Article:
The list of accepted papers for LICS 2010 is out. As usual, the programme looks very interesting and exceedingly strong.
For an interested, but not very knowledgeable, observer like me, one of the most interesting looking papers that have been selected for the conference seems to be yet another seminal contribution by Martin Grohe. The paper is Fixed-Point Definability and Polynomial Time on Graphs with Excluded Minors.
From the abstract of that ten-page paper, I learn that Grohe proves that fixed-point logic with counting captures polynomial time over all classes of graphs with excluded minors. To my untrained eye, this looks like an amazing result. The proof of this theorem will take up the whole of this monograph, which is currently being written and will be well over 200 pages long. The current draft spans 238 pages.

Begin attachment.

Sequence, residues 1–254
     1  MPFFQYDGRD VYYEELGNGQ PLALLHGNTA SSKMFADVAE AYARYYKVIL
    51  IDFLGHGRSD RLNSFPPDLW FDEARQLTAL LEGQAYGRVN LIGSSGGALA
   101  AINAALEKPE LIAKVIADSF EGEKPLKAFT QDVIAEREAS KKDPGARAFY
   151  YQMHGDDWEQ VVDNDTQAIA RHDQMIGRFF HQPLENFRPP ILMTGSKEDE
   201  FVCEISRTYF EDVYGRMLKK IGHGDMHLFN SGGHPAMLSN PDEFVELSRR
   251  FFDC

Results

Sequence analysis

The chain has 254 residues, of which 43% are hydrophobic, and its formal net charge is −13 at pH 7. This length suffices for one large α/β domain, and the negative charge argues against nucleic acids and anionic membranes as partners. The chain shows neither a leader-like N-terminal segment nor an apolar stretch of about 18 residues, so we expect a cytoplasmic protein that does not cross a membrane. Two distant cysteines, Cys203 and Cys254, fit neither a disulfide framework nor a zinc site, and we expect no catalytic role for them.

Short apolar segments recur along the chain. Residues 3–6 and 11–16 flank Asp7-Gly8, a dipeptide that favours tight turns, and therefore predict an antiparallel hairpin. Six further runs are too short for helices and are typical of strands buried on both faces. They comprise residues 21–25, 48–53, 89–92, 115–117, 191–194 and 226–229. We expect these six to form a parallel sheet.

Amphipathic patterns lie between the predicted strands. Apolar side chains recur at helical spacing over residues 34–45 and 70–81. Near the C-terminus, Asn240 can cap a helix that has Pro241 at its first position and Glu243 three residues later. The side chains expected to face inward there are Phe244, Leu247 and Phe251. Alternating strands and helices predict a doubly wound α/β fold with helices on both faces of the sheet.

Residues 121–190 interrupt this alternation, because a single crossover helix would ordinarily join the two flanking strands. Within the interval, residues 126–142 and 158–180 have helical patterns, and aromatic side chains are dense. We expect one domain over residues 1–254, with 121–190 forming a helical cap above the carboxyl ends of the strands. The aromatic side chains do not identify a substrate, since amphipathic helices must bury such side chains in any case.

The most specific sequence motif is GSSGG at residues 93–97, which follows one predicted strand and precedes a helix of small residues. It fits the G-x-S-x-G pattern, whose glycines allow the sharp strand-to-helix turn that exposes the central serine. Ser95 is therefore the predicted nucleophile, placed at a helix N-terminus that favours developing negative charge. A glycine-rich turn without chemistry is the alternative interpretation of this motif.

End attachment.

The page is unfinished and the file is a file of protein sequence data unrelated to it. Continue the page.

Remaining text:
Would such a result meet the current requirements for the Gödel prize, say? It seems to me that it would not, unless Grohe also publishes a journal paper based on a fragment of his monograph. Taking the view that proofs of certain results are likely to be very long and that very few journals in computer science would publish papers that are 250 pages long, say, would it not be reasonable to let a research monograph qualify a piece of research for the Gödel prize? After all, if the result is important, it will be studied in depth by many researchers, ensuring a more thorough level of peer review than the one obtained via a standard refereeing process for a journal.